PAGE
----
In a music industry overrun by female singers, it appears Reading has quietly produced a talented gem who could rival them all. Former Leighton Park pupil Laura Marling spoke to James Kell about her debut album, her haunting lyrics and her love of literature.

THOSE tedious turn-of-the-year polls to find �€�The Sound of 2008' seemed to bill the coming musical months as a straight duel between soul chanteuses Duffy and Adele. And they appear - initially at least - to have been bang on, with Duffy scoring a number one single with Mercy and Adele's 19 topping the album chart.

Both big-voiced wonders will undoubtedly continue to shift large numbers of units, sound-tracking dinner parties up and down the country for months to come.

But this only serves to make Laura Marling's bewitching debut, Alas I Cannot Swim, stand out even further.

Despite only recently turning 18, Laura's first folk-tinged offering is characterised by an almost precocious ruefulness ("I'll wander the streets, avoiding them eats, until the ring on my finger slips to the ground/A gift to the gutter, a gift to the city the veins of which have broken me down.") but in conversation she is chirpy and funny.

She talks openly about her own music as well as her other project, folk band Noah and the Whale.

"It's different I suppose, I really enjoy being part of a band, I like the anonymity of it. When it's just you there's a lot more scrutiny, so it's nice sometimes not to have that."

When her father gave her an acoustic guitar at the age of five, Laura was hooked. And his tastes have clearly had a large bearing on her influences, growing up as she did listening to the likes of Joni Mitchel, Neil Young and Joan Baez.

One of the first full songs she learned to play was Young's Needle And The Damage Done, which was a B-side to her single Ghosts.

She said: "It's not like I was five years old sitting on my dad's knee playing that song! But it was one of the first covers I learned all the way through when I was a bit older."

But there is also a very discernible Englishness to her songs, derived from her favourite authors which she lists as the Bronte sisters and Jane Austen.

But despite the lyrical richness and imagery in her songs (Tap At My Window is inspired by a Philip Larkin poem), English is something of a sore point for the former Leighton Park pupil from Eversley.

She said: "I failed GCSE English because I hated tearing apart a book. I hated having to write four pages about one aspect of a book or pulling characters apart. I always preferred to build characters.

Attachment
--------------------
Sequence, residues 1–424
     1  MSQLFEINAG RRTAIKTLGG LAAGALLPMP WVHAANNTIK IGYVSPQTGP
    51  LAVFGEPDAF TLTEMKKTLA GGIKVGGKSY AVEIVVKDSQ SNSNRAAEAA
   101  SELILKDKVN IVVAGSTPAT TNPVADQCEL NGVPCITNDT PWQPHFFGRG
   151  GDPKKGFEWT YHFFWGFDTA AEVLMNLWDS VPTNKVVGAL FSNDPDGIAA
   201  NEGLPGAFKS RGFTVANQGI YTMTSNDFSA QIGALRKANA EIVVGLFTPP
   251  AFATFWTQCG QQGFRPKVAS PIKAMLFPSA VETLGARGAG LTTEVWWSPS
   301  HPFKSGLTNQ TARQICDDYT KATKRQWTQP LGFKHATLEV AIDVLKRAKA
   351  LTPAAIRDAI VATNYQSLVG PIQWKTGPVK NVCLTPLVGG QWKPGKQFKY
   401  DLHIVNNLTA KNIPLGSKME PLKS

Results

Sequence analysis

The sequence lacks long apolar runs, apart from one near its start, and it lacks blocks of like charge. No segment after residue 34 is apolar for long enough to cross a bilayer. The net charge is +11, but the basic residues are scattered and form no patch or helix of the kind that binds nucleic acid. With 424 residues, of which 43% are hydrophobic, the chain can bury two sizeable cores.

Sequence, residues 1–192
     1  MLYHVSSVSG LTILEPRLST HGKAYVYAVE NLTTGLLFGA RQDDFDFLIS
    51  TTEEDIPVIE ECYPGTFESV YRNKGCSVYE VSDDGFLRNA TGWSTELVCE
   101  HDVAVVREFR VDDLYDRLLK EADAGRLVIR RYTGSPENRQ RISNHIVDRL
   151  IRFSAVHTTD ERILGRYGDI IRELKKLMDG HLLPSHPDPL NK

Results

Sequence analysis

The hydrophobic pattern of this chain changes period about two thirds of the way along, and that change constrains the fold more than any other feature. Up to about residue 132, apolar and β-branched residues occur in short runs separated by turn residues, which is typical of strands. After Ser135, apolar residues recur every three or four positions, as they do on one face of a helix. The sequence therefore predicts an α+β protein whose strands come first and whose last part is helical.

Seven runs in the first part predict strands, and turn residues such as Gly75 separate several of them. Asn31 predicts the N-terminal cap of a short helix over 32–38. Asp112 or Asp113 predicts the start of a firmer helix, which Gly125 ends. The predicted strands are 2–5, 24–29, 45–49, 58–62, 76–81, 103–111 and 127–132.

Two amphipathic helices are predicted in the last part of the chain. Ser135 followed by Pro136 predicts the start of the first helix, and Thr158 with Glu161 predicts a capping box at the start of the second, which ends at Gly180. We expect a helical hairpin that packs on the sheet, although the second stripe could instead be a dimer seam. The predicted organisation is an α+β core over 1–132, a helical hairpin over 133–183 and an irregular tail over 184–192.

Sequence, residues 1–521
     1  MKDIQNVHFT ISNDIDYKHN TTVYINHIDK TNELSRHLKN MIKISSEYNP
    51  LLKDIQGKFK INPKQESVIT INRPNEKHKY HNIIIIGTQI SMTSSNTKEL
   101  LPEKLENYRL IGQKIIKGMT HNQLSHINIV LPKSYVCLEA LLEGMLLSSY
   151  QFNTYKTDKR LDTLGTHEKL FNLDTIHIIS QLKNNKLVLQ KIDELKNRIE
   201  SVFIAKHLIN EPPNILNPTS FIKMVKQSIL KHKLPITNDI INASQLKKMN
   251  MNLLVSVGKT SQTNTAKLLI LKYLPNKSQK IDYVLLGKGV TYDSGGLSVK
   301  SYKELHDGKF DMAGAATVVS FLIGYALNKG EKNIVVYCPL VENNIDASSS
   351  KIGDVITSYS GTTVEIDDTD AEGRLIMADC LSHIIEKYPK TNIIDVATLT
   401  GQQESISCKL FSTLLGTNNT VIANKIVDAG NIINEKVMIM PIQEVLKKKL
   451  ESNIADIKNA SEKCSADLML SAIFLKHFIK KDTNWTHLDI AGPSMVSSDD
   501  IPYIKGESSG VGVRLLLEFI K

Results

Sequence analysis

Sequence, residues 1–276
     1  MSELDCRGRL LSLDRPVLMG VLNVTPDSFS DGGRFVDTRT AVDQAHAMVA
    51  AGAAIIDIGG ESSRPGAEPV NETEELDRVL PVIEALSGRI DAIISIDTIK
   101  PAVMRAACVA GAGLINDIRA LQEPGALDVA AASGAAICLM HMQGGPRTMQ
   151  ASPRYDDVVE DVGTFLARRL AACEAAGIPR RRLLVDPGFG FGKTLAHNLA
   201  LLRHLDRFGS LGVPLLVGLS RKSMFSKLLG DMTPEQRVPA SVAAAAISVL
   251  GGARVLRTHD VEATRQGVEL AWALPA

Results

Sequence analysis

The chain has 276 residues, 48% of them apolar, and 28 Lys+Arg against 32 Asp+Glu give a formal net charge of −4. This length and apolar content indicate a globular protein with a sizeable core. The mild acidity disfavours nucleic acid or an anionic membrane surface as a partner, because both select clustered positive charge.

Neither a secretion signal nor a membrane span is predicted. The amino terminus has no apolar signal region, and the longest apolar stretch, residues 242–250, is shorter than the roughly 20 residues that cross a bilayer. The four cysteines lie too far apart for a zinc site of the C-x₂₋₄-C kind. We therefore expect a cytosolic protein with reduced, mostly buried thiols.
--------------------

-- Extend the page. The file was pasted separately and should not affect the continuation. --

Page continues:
"I wasn't really a school person, but I got on well with everyone in the music department. I used to spend a lot of time when I was in school in the music department and they were really encouraging."

Her singing voice itself is all oak and honey, sweet but dark, haunting and hugely arresting (particularly on stand-out track Night Terror).

In a recent interview with a national newspaper, Laura said that what she loved about a particular record by American singer-songwriter Bonnie Prince Billy was how "it was almost as if I shouldn't have been listening to it, as if I was invading his emotions".

When asked if she thinks people will feel the same about Alas..., she said: "Yeah, I suppose they could look at it that way, it depends what they're listening for really. That's just how I felt about this record, but I suppose someone could feel the same about mine but it really depends on them and what they hear."

The intricacy of the images in her songs has found further expression in a special Songbox edition of her album, which contains artwork, trinkets and even a board game linked to the songs.

It's perhaps indicative of someone who is on record as saying that "People don't appreciate music any more, they don't adore it."

Laura told the Chronicle: "I lost my copy of Tigermilk by Belle and Sebastian recently, and I absolutely love that album, so just I had to go out and buy the same special edition with all the extras on it."

As a thank-you to fans who forked out the extra money to buy it, the Songbox also contains a free ticket to a series of intimate gigs.

Due to demand, an extra London date this Sunday at Islington's Union Chapel had to be added to the Songbox Tour. And while Laura may not have had the radio ubiquity of some of Britain's other young female singers, the overriding impression is of someone determined to succeed on her own terms.